unmatchable highs. When he came up short against the great Alexis Arguello in a
junior lightweight title challenge, Chacon simply barrelled on to the next
mission, notching his first win over his bitter enemy Limon by taking a split
decision in their third match. Yet it seemed inconceivable that Bobby could come
again after a punishing defeat against a like-minded man of fire in Cornelius
Chacon clashed with the Las Vegas-based Englishman at the
Showboat Hotel in May 1981. The two great battlers exchanged their best shots
with a rare fury, but Bobby was always fighting an uphill battle. He was cut and
swollen after eight rounds and apparently fading when he rocked Boza with a big
right in the ninth. Edwards fired back with typical defiance as the crowd roared
its approval. Jabs became academic as the two men hooked and hacked at each
other in a stirring battle of endurance. When Chacon failed to come out for the
fourteenth round, his left eye puffed and his nose badly cut, the end of his
rollercoaster career seemed imminent.
Those who think they know best were telling Bobby Chacon that he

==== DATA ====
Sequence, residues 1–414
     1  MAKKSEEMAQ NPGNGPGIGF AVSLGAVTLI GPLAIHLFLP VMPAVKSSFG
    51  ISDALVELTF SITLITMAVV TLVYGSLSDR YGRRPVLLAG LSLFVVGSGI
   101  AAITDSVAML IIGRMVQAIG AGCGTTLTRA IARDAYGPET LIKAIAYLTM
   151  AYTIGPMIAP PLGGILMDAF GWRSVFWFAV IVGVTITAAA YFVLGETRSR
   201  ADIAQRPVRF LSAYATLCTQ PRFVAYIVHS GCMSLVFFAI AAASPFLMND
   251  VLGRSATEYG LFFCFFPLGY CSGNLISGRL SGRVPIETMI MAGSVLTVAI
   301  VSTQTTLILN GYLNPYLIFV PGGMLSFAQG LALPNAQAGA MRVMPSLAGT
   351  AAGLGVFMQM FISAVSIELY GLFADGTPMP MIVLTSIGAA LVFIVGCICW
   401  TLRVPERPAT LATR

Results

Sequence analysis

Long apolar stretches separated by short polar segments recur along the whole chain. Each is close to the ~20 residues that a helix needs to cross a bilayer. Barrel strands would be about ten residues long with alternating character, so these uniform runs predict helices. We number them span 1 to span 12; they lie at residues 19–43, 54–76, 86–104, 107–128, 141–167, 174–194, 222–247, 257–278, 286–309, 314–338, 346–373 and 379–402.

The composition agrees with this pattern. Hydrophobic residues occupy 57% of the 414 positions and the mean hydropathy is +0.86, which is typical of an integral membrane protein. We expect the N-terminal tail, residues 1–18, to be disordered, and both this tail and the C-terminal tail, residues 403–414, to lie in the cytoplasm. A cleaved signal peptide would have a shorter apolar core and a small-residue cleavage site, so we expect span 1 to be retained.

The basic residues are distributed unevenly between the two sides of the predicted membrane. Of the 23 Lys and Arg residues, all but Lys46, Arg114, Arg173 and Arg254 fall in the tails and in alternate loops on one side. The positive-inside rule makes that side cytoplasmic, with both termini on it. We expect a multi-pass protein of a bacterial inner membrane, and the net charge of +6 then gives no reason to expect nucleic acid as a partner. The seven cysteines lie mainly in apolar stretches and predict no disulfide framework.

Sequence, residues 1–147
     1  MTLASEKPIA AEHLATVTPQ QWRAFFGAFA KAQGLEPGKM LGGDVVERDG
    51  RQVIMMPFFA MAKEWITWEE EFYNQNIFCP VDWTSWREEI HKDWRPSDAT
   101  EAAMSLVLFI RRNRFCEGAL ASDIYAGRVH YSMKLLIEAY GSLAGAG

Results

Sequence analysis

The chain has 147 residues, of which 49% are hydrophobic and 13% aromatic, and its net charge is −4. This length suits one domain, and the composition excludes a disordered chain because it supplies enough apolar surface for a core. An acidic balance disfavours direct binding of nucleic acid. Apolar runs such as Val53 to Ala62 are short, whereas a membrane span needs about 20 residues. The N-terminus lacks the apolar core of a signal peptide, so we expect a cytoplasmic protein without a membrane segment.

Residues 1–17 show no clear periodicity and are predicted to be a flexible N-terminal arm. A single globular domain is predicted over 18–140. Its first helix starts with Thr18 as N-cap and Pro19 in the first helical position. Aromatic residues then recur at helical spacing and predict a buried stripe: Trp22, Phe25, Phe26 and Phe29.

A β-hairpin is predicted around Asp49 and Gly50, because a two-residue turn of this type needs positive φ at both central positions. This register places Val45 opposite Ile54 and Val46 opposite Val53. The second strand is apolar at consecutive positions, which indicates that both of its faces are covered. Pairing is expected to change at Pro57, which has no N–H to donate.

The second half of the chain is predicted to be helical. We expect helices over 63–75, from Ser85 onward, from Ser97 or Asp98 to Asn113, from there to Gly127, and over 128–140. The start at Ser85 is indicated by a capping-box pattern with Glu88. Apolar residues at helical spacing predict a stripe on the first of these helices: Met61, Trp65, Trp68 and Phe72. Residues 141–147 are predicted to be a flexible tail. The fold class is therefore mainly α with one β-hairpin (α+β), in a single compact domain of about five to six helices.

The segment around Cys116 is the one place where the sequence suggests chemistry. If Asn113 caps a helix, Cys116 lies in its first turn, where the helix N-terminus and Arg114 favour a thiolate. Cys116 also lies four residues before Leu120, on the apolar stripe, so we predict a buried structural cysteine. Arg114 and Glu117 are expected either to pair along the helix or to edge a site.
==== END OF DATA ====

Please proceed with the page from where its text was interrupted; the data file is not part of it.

was finished and that a quiet and ordinary life really wasn’t such a bad thing.
Such people always mean well but they can never understand the minds of special
men who do special things. When Sonny Liston was asked if Floyd Patterson should
retire, he replied, “Who am I to tell a bird not to fly?” When Muhammad Ali was
asked the same question about the fading Larry Holmes, he answered, “Who the
hell am I to talk?”
There you have it. But for the true fighting men, the world would
be an insufferably cosy and antiseptic nightmare in which Big Brother would
complement himself on a job well done as he looked down upon the compliant
Bobby Chacon had unfinished business with his spiritual brother
from south of the border. When he hooked up with Bazooka Limon for the fourth
and final time at the Memorial Auditorium in Sacramento in the dying days of
1982, Chacon dusted off an old canvas he had stored in the attic of his memory